While McCain fights terminal brain cancer, Trump can't stop ridiculing him

The Republicans in the  U.S. Senate claim they wanted to honor Sen. John McCain, who is battling terminal brain cancer.

They named the National Defense Authorization Act the "John S. McCain National Defense Authorization Act."

 “He has an unwavering love for his country and has been an example for people of all ages of courage, tenacity and grit," Sen. Dan Sullivan said in a press release. "I had the honor of visiting Sen. McCain this weekend and he was very much looking forward to the passage of this bill.”

If Sullivan and others in the GOP-controlled Senate really wanted to show their respect for McCain, they would do more than slap his name on a bill.

They would start by demanding that the leader of their party stop ridiculing the Arizona senator. It would be the decent thing to do, and it would be more than a hollow gesture. But it would take a little courage, tenacity and grit.

It doesn't matter to Trump that McCain is dying. The president has made it a standard part of his stand-up act to ridicule McCain for his vote a year ago on the Obamacare repeal vote, complete with the thumbs-down gesture.

In late May, at a rally in Tennessee, Trump said: "We had it done folks, it was done, and then early in the morning somebody turned their hand in the wrong direction," Trump said. "The person that voted that way only talked repeal and replace. He campaigned on it."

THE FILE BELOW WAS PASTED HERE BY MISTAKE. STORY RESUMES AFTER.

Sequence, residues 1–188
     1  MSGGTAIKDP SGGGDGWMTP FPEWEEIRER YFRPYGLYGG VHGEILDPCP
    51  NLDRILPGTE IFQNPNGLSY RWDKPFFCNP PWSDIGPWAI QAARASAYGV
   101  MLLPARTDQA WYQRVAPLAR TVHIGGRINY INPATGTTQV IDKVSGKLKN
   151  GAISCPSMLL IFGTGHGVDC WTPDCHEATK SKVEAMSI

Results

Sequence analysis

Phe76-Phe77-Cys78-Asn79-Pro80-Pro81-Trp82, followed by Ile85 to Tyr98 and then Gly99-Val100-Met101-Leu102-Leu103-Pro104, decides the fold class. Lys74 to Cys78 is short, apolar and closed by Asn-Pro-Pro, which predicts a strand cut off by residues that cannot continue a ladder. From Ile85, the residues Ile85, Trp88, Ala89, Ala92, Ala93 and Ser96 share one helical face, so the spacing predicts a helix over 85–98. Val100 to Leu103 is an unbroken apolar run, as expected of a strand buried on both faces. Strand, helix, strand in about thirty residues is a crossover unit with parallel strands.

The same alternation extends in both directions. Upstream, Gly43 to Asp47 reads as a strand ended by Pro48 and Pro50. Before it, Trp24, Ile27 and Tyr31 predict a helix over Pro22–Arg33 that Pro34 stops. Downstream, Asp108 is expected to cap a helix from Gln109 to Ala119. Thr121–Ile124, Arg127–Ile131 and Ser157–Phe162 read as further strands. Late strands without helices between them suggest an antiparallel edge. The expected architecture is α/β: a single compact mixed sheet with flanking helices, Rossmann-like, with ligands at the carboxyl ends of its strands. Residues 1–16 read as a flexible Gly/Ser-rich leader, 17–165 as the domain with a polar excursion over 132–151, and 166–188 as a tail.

At a GOP rally in Nevada Saturday, Trump said: "Nobody talked to him. Nobody needed to, and then he walked in: thumbs-down. It's alright, because we've essentially gutted it anyway." 

At a Minnesota rally last week, he said, "Everybody said we have his vote, we have everybody's vote, we are going into a routine repeal and replace, and he went thumbs down. Not nice."

At a South Carolina rally Monday, he said, "We had all the votes and one gentleman early in the morning, like 2 a.m., he went no. Well, he campaigned on repeal and replace. We had the votes. Perhaps he was grandstanding."

Part of this senseless behavior is probably due to the accurate comments McCain made about Trump in his latest book, "The Restless Wave."

"I'm not sure what to make of President Trump's convictions," McCain writes. "His lack of empathy for refugees, innocent, persecuted, desperate men, women, and children, is disturbing. The way he speaks about them is appalling, as if welfare or terrorism were the only purposes they could have in coming to our country.

"He has declined to distinguish the actions of our government from the crimes of despotic ones. The appearance of toughness, or a reality show facsimile of toughness, seems to matter more than any of our values. The world expects us to be concerned with the condition of humanity. We should be proud of that reputation. I’m not sure the president understands that."

Dermot Cole3 Comments